It mirrored the uneven scene work that Shepard's writing has and that today would make it an unproduceable play from a dramaturgical point of view.

After it was done, I asked my theatre campanion - Gregg Foster - if he thought it felt dated. Even with the typewriter, he said it worked pretty well for him. Not bad for a 30 year old play.

I know a lot of theatre has come and gone since it was first produced at the Magic in SF, but I wonder we might be better off going back to that uneven, unweildy, surreal naturalism that Shepard showed us so long ago. It has a spontanaeity that often feels missing from today's theatre (McDonagh excepted).

After all, audiences haven't been getting bigger since then.

Friday, May 18, 2007

H comes to Denver.

The freelance gig in Denver looks like it's going to be a long gig. Maybe until the end of June. This is good for financial reasons right before we have the child whom I'm still calling "Baby Noodles", but also tough because we're apart.

Luckily, Heather's been able to come out and visit. This week she was here from Sunday through this morning. Which meant we enjoyed our 2nd wedding anniversary in Boulder (we ate the St Julien; I gave her a massage from the spa there; She gave me some new Yankees caps). We also went on the "peak to peak" drive from Nederland to Estes Park.

But maybe the most important thing to happen is that I got a full dose of baby kicks from the Noodles. He is growing stronger every day and it's quite something to feel him become more and more real as time passes.

It's also given me a whole new subject to dream about - taking care of someone else. Both anxiety causing and sort of wonderful at once, I find myself worrying in my sleep about him and wondering while I'm awake how I'm going to do it.

Other thoughts drift in too - why I'm not as produced as I'd like to be. How will I help my work find its way to the stage. Why I'm not better and faster at writing. Why I've been unsatisfied with my achievements so far.

These are all questions that come from the nature of who I am, of course, but also, in light of the coming change, seem more than self-concerned. They seem small.

It seems like a long time ago when I wrote this ominous thing.

And, of course, it was.

Back then, I hadn't worked in months. I didn't know where Heather and I were going to live. I'd only just finished DRESSING THE GIRL. BEYOND THE OWING was still a complete mess (now it's just a mess, maybe). I hadn't worked with Clubbed Thumb.

And, most importantly, I didn't know that I was going to be a father.

Tuesday, May 15, 2007

What I did today for a dollar.

In advertising, the day is long.

I started the day at 8 am. This photo was taken at 7:21 pm.

I'm still at the office. It's 9:43 pm.

Best of luck to you.

Saturday, May 12, 2007

A stray thought about the NY Times...

This morning as I was paging through the NY Times over an expensive omelette at the Boulderado Hotel in Boulder, CO., I noticed an article on a new VH1 reality show in the Arts Section. Now, I know it's not news that the paper has made a big push to cover more television and rock 'n roll and pop stuff in general. But most of the criticism I've heard voiced about this has been about what it means the paper is NOT covering - theatre, more serious or unusual films, dance, orchestral stuff, etc. Even more ire has been leveled at Isherwood for his troublesome reviews of new theatre work.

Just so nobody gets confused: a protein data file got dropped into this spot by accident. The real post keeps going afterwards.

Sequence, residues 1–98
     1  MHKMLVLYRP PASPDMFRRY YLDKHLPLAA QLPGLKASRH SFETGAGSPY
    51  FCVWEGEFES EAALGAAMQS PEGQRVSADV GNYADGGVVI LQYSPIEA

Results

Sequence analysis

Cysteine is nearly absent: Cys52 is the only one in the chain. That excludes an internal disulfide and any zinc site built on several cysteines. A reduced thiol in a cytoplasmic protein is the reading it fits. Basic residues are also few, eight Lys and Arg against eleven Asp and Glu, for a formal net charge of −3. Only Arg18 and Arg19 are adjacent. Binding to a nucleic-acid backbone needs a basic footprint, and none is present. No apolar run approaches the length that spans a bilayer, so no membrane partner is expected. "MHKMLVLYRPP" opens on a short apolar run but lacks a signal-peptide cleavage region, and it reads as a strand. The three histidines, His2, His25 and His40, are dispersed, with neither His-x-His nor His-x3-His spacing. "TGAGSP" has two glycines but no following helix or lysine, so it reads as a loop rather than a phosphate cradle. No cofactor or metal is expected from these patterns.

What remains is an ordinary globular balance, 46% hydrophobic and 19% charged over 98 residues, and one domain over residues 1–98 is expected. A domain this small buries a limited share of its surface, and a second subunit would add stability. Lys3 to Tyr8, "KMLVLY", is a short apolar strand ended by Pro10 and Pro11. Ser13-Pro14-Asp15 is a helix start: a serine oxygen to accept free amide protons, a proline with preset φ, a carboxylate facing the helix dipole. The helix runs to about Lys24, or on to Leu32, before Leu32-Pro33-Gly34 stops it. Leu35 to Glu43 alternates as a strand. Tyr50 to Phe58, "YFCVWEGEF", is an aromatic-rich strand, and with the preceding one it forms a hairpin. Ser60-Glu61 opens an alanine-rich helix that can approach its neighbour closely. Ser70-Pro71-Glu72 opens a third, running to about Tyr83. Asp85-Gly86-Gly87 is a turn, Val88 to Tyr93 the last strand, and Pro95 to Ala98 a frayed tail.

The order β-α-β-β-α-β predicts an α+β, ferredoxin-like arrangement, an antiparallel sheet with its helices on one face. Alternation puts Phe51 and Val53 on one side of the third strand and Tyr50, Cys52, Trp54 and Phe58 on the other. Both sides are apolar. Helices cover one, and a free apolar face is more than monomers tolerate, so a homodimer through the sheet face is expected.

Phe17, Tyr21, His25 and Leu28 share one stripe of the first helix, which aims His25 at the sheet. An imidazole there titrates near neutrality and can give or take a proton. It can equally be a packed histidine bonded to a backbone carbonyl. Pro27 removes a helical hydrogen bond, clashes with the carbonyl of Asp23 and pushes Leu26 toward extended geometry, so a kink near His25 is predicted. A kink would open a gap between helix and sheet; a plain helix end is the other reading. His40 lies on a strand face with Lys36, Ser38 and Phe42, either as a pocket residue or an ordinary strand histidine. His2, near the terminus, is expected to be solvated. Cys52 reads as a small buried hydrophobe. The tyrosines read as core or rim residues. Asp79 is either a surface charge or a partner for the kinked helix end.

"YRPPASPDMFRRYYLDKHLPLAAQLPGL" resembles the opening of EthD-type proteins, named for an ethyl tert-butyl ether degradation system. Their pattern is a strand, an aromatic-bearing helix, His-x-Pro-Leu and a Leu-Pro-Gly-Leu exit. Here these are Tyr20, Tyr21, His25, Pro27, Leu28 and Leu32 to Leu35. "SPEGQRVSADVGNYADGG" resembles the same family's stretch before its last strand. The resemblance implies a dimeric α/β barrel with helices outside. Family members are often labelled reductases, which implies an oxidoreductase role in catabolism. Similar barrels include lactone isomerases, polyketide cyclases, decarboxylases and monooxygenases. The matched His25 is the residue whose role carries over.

But the question that struck me was - Do the people running the NY Times really think that by covering "Flavor of Love Girls: Charm School Starring Mo' Nique" people are going to think that the paper's suddenly "with it" and worth a $1 every morning?

I once thought the paper was worth that and more when the Book Review under Anatole Broyard published a weekly essay on some interesting subject regarding trends in criticism, culture and letters and Mel Gussow's name was still appearing regularly in the paper. But seeing well-written, well-thought out articles about the latest Flavor Flav show on what was once the music channel for people slightly too old for MTV, it makes me think the paper's too expensive to even considering for packing material.

I also wondered if the author of the article, Virginia Heffernan - who I'm sure is very smart - was told to write the article or if she thought, "DANG! THAT SHOW NEEDS TO BE COVERED IT"S SO DARN IMPORTANT!!!"

Of course, even if she didn't think that, certianly, someone at the paper did.


And why do I need an AO Scott reveiw of Spiderman III or The Dukes of Hazzard or Paris Hilton's House of Wax?

Again, I have to believe that someone wants to show how "with it" the paper is to people who currently are getting more of their news from other sources.

(I have similar questions about the "Rock Show Reviews" that they occasionally run. Why does the NY Times review an Oasis concert? Who cares? Especially when concert tours usually mean the performers are in town only for a day or two and most likely the article is running AFTER they've left town?)

Now, I'm not saying that an occasional article on pop culture is a waste of time. Pop cultural trends are important to cover. But couldn't that be done with a more interesting and more in depth article that appears once in a while as opposed to making a "beat" of television shows that really aren't worthwhile?

My guess is that despite all the write ups of American Idol and The Apprentice, the papers circulation is continuing to go down and, worse, the number of advertisers dumping $$ into the paper is continuing to shrink.